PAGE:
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Google Shows Off AI Advancements, in Search Results and Beyond



Google didn’t provide much of an update on its AI chatbot. We already knew it had entered testing with a small group of “trusted” demo users, using a light version of the company’s LaMDA language model. And for now, that’s still the case.

Next month, Google said it will begin onboarding developers to interact with its generative language API to build their own tools and features.

Google’s recent rush to forefront AI is an obvious response to the rise of ChatGPT, and Microsoft’s swift investment in a multi-billion dollar partnership with OpenAI. On Tuesday, Microsoft’s ChatGPT-powered Bing search engine went live for a preview. Similar to Google, Microsoft also seems to be both offering an AI-chatbot option, separate from standard search, as well as AI-responses integrated into search.

At the moment, Microsoft appears to be taking a more aggressive approach to its AI-search responses. In an example on the company’s blog—a search for fitness advice yields a step-by-step workout plan that’s AI-generated, alongside standard video and link results. Whereas Google seems to be taking a more cautious approach—not using generative-AI to present definitive answers or guidance.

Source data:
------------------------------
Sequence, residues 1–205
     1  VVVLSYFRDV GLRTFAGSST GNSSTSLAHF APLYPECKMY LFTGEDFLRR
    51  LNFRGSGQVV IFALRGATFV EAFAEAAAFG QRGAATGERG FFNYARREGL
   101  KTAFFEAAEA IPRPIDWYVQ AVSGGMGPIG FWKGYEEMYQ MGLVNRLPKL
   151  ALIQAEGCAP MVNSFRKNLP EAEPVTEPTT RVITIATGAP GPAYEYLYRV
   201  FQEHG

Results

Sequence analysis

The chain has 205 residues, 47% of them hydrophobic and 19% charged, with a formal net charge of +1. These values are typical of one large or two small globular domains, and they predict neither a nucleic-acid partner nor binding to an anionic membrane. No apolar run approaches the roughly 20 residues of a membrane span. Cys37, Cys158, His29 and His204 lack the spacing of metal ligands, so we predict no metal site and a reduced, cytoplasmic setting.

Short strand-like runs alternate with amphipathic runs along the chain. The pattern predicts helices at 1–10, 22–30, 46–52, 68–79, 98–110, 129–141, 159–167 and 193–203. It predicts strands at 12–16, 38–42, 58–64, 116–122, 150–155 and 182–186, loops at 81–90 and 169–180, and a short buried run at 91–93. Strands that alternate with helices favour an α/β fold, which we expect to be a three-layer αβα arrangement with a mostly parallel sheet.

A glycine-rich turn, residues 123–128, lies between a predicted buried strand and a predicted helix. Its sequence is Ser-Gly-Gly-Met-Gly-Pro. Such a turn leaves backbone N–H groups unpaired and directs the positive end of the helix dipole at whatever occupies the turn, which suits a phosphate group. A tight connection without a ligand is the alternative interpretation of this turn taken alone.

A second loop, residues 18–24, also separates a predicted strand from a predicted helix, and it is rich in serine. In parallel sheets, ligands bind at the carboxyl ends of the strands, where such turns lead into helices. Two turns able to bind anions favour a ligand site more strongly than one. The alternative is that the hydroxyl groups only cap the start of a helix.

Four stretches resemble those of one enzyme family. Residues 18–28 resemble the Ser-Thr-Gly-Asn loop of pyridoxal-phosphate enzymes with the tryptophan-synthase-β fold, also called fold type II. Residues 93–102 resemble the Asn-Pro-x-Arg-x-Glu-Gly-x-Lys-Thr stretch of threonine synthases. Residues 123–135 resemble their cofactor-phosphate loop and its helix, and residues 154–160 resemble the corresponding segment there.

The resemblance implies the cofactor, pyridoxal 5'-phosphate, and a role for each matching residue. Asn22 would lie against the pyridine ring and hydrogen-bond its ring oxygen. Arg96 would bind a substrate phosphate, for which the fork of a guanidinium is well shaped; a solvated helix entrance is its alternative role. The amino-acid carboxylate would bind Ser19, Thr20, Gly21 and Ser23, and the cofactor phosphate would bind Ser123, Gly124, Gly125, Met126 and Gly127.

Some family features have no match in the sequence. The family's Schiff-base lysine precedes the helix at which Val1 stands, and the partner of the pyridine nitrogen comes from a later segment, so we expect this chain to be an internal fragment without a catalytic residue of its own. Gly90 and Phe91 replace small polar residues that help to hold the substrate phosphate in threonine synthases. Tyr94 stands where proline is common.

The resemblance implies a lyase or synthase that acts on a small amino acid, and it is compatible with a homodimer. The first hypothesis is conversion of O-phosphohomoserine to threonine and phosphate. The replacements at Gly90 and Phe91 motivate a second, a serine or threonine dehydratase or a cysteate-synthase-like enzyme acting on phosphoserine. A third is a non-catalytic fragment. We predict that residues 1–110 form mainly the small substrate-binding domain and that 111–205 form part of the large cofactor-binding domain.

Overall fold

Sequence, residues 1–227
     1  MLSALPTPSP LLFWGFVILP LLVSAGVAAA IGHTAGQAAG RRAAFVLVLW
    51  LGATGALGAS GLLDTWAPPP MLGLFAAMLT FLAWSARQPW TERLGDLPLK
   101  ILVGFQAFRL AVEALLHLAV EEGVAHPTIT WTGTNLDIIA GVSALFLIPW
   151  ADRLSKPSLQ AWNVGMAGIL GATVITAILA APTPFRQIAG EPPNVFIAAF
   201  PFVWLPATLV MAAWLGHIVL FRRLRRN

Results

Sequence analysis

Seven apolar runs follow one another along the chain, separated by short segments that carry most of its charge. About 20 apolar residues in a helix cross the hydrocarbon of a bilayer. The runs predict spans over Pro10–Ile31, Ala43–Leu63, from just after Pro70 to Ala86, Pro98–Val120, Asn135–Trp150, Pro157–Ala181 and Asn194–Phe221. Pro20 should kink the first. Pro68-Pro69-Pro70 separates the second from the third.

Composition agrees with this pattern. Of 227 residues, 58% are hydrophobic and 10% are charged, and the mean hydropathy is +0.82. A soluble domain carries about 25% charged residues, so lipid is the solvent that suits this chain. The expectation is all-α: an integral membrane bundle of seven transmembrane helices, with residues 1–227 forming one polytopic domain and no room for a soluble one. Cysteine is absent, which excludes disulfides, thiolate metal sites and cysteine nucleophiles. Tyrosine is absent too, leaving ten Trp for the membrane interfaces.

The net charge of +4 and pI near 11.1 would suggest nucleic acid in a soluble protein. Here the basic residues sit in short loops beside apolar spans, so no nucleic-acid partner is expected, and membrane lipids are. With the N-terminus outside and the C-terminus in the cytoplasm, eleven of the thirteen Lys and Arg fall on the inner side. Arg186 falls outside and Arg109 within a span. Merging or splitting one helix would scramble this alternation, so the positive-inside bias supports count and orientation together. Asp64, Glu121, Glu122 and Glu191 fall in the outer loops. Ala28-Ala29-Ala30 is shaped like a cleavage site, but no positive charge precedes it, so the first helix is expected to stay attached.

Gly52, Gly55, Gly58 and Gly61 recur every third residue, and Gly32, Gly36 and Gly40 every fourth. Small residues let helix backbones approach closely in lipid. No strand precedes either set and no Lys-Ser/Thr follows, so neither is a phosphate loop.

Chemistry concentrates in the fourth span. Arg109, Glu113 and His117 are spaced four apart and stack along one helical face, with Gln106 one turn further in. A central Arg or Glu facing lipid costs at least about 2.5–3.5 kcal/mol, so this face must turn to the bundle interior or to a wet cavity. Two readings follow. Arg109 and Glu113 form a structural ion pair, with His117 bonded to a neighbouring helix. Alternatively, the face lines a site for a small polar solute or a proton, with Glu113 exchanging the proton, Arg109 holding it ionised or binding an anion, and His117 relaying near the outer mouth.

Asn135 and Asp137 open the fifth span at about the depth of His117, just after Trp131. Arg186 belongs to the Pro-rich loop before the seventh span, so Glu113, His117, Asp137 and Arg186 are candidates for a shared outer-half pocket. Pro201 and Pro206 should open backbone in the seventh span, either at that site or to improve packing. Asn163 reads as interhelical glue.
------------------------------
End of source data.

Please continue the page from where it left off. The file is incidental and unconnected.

“We were one of the first companies to embrace AI principles,” Google’s Raghavan said. But he emphasized that the Google’s philosophy to developing generative-AI tools for the public is to be “bold and responsible.” As the legacy search engine dominator, Google has a reputation to uphold. Whereas Bing can likely be a little more free-wheeling in Microsoft’s bid for a real stake in the long-monopolized search space.

That said, Google has already made a pretty astounding error in advertising Bard. The promo (shown above, and featured on Google’s blog and Twitter account), contains a glaring inaccuracy.


Source: Gizmodo

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